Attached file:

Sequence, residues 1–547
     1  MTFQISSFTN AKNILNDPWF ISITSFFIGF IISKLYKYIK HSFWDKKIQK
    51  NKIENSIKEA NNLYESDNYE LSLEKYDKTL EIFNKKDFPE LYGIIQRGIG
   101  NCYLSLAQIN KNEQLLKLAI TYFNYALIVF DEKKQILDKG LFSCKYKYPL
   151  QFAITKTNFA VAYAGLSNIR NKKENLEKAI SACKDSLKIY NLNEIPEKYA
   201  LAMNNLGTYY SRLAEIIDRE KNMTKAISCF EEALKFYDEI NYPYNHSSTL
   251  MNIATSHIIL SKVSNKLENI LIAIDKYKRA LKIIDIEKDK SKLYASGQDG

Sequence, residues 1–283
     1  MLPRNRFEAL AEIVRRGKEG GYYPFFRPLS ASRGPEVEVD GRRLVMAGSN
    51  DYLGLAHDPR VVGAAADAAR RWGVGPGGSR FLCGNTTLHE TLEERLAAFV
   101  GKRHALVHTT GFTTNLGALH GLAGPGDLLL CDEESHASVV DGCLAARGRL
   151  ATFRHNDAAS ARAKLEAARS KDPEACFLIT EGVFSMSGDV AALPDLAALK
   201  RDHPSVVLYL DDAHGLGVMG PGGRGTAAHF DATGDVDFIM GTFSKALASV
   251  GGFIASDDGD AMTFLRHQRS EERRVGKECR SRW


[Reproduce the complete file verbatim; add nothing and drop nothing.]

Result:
Sequence, residues 1–547
     1  MTFQISSFTN AKNILNDPWF ISITSFFIGF IISKLYKYIK HSFWDKKIQK
    51  NKIENSIKEA NNLYESDNYE LSLEKYDKTL EIFNKKDFPE LYGIIQRGIG
   101  NCYLSLAQIN KNEQLLKLAI TYFNYALIVF DEKKQILDKG LFSCKYKYPL
   151  QFAITKTNFA VAYAGLSNIR NKKENLEKAI SACKDSLKIY NLNEIPEKYA
   201  LAMNNLGTYY SRLAEIIDRE KNMTKAISCF EEALKFYDEI NYPYNHSSTL
   251  MNIATSHIIL SKVSNKLENI LIAIDKYKRA LKIIDIEKDK SKLYASGQDG

Sequence, residues 1–283
     1  MLPRNRFEAL AEIVRRGKEG GYYPFFRPLS ASRGPEVEVD GRRLVMAGSN
    51  DYLGLAHDPR VVGAAADAAR RWGVGPGGSR FLCGNTTLHE TLEERLAAFV
   101  GKRHALVHTT GFTTNLGALH GLAGPGDLLL CDEESHASVV DGCLAARGRL
   151  ATFRHNDAAS ARAKLEAARS KDPEACFLIT EGVFSMSGDV AALPDLAALK
   201  RDHPSVVLYL DDAHGLGVMG PGGRGTAAHF DATGDVDFIM GTFSKALASV
   251  GGFIASDDGD AMTFLRHQRS EERRVGKECR SRW